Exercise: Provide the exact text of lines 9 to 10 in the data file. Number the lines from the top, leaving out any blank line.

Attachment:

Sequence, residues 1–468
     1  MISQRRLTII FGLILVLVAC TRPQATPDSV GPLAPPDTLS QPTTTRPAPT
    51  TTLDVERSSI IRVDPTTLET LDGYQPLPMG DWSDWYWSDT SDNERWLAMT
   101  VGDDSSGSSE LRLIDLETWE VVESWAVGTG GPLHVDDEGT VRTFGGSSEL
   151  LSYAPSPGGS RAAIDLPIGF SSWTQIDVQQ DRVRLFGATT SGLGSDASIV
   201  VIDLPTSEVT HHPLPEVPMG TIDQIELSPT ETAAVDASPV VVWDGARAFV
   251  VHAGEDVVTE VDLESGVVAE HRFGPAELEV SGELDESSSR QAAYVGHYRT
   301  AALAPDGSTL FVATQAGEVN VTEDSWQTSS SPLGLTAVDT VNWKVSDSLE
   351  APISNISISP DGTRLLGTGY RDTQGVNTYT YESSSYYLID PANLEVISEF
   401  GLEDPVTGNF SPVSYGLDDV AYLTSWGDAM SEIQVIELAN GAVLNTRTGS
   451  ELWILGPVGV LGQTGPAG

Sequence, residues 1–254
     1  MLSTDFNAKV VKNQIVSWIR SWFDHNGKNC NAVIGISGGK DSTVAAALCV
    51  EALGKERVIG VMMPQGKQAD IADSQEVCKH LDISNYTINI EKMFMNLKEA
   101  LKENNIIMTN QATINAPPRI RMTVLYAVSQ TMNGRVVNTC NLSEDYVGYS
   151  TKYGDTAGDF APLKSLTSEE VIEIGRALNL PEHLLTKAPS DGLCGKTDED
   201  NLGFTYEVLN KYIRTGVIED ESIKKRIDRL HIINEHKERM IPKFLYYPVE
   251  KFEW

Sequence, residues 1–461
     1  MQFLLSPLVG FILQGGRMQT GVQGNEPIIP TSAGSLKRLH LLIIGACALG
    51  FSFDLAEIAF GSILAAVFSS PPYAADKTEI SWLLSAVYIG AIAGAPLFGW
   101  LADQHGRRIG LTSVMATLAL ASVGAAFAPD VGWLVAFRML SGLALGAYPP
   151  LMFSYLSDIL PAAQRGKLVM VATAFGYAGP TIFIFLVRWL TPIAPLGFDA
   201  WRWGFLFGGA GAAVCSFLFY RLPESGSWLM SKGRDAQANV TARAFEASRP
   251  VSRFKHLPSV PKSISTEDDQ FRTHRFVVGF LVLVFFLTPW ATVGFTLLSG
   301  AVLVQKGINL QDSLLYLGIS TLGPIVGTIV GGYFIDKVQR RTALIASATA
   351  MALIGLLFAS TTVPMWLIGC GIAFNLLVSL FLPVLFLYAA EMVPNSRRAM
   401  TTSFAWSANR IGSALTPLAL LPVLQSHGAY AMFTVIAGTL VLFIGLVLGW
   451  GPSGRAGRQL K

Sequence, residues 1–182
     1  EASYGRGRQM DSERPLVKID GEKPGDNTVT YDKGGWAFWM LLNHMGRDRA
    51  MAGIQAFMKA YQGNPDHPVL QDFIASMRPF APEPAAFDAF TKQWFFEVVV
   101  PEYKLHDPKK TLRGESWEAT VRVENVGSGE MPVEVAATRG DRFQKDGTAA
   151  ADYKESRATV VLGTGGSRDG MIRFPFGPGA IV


   351  APISNISISP DGTRLLGTGY RDTQGVNTYT YESSSYYLID PANLEVISEF
   401  GLEDPVTGNF SPVSYGLDDV AYLTSWGDAM SEIQVIELAN GAVLNTRTGS